Okay this is a hard movie to talk about, not because of some tragedy surrounding the film or because it's bad, but....because it's a musical.
Musicals are very hard to sell. Musical movies are incredibly hard to sell, they lack logic and are built on pure feels so this is your chance to take a lifeboat off the ship now and go see something else. For those of you who stuck around, I present to you The Greatest Showman, a film concerning the life of a P.T. Barnum that lived as a street urchin in the early 1800s who decides to bring joy to people and creates a sort of proto-circus. Always seeking for something better for him and his family, he reaches for the stars, stumbles, but regains his footing and ends all in all very happily. Now I am going to try to keep this brief, because there is always a lot to talk about in terms of musicals on film so I will just say, the visuals are outstanding with perfect framing, use of color, and editing. You attach yourself deeply to Mr. Barnum, and really want to see the best happen to him. Hugh Jackman is awesome, of course. Zac Efron was...good. I liked him in this movie, and that is coming from a guy who is not quite his biggest fan. All the supporting cast is great, but especially the performers in his circus, they are such endearing, human, likeable characters that I wanted to see all the time and wanted to know more about them. The music, oh God here we go. Rambling incoming!! With every musical I have ever seen, the music matches the setting, tone, and overall story. Phantom Of The Opera my favorite musical ever, the music fits the setting of the Paris Opera House, the time frame the play is set in, and the tone of the musical being romance based and dealing with the characters. It fits, it works, it does not seem out of place. The Greatest Showman has straight up 2017 music in a Victorian era setting. It does not work at all, though some of the songs are quite good. You can tell it is modern day music being used several centuries ago, and it feels wrong. Though I have not seen many musicals, never have I experienced this problem. Camelot, Rocky Horror Picture Show, The Producers, all films have their signature style of music and all work. Even Moulin Rouge did this and while I have not seen Moulin Rouge I can tell you the movie is meloframatic as hell and completely surreal and dreamlike, so anything goes with it because it embraces the absurdity and emotional crux. The Greatest Showman is a good movie, a decent musical, I liked a few of the songs, all the performances were spot on, but I know it is not for everyone. Musicals are not marketable to wide audiences, it died in the 60s thanks to Hello Dolly and didn't really come back until the early 2000s. I mean really, what was the last musical you saw in a movie theater? Not Disney, no animation, real people, real sets, singing away on multiple occasions. This is my first to be honest. Every other I saw on video! So it's rare to talk about such a movie and it's not easy to talk about. Though it does inhabit the medium of film (and I don't think this movie had a stage predecessor) it's like comparing a golden retriever to a zebra, it's two very different things. Now before I go, I do very extremely highly recommend you watch Lindsay Ellis' video essay on the 2004 Phantom Of The Opera movie. I had to watch it before I wrote my review, because of the information she gives would be crucial to my writing, and everything I did not say in terms of musical movies she does. I would have had this review up literally an hour ago but I needed that information because I don't do musicals often or hardly at all. I'll leave a link below, you only really have to stick around for about 15 minutes but the rest of the video is still extremely valid to view.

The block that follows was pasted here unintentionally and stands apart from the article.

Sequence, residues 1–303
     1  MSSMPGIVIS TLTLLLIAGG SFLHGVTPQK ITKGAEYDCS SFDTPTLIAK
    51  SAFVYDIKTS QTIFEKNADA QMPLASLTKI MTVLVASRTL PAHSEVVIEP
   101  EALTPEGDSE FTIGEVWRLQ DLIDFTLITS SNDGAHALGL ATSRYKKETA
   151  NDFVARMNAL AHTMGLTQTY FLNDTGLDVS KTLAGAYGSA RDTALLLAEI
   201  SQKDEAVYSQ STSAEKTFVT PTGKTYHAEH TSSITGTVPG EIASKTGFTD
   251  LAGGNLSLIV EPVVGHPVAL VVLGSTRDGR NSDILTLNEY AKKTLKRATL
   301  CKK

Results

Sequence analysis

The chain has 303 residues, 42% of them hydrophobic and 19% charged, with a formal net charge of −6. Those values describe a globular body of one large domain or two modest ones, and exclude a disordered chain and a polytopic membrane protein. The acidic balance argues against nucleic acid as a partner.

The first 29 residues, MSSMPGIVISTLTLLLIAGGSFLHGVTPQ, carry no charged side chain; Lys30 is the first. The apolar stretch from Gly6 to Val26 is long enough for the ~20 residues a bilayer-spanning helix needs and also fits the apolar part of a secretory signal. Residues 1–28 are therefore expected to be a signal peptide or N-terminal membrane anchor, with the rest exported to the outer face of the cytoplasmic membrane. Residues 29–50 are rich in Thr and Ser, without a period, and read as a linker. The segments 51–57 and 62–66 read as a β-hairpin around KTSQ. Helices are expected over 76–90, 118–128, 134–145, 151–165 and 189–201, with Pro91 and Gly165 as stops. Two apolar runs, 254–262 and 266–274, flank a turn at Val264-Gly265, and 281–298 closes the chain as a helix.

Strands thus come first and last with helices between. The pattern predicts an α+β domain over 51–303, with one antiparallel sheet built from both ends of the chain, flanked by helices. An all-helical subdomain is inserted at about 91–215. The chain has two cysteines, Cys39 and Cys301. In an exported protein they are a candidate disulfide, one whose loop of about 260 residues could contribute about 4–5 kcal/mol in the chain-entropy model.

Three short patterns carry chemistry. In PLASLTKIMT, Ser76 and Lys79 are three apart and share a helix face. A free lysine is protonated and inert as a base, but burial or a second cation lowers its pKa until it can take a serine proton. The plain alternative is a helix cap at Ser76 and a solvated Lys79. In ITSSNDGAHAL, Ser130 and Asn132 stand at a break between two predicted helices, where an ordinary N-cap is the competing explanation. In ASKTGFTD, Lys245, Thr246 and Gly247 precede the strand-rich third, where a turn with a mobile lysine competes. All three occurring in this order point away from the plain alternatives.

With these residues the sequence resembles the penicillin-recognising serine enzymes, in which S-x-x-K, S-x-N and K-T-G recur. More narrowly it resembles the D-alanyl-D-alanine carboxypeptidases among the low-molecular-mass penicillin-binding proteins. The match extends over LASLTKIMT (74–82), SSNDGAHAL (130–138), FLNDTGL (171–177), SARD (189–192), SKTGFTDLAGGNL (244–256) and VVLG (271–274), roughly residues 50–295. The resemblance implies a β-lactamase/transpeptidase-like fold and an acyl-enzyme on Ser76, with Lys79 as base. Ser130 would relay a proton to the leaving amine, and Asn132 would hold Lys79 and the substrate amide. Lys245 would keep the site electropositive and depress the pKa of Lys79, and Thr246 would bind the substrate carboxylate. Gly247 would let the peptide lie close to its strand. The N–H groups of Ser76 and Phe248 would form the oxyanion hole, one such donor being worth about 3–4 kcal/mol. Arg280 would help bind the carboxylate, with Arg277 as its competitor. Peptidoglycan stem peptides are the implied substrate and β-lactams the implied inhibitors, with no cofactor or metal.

Lindsay's 2004 Phantom Essay: https://youtu.be/-m5I_5Vnh6A
Well that's it for me. Have a good night, morning, afternoon, whatever. And take what I took away from it all, do you, be you, do the things that bring you joy and hopefully it helps bring a little happiness into the world.